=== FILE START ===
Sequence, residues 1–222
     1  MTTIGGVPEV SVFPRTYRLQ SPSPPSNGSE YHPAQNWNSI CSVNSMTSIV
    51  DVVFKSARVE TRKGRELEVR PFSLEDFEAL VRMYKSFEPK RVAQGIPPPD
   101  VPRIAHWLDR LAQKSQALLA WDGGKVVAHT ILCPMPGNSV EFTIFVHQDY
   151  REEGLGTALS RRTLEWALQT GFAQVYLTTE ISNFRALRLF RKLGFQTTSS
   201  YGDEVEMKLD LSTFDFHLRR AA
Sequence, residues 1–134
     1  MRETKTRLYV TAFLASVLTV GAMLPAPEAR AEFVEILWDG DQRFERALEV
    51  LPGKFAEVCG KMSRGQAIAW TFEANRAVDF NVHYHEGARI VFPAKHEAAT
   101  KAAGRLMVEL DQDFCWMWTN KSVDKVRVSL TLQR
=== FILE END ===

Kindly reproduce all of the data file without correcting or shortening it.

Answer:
Sequence, residues 1–222
     1  MTTIGGVPEV SVFPRTYRLQ SPSPPSNGSE YHPAQNWNSI CSVNSMTSIV
    51  DVVFKSARVE TRKGRELEVR PFSLEDFEAL VRMYKSFEPK RVAQGIPPPD
   101  VPRIAHWLDR LAQKSQALLA WDGGKVVAHT ILCPMPGNSV EFTIFVHQDY
   151  REEGLGTALS RRTLEWALQT GFAQVYLTTE ISNFRALRLF RKLGFQTTSS
   201  YGDEVEMKLD LSTFDFHLRR AA
Sequence, residues 1–134
     1  MRETKTRLYV TAFLASVLTV GAMLPAPEAR AEFVEILWDG DQRFERALEV
    51  LPGKFAEVCG KMSRGQAIAW TFEANRAVDF NVHYHEGARI VFPAKHEAAT
   101  KAAGRLMVEL DQDFCWMWTN KSVDKVRVSL TLQR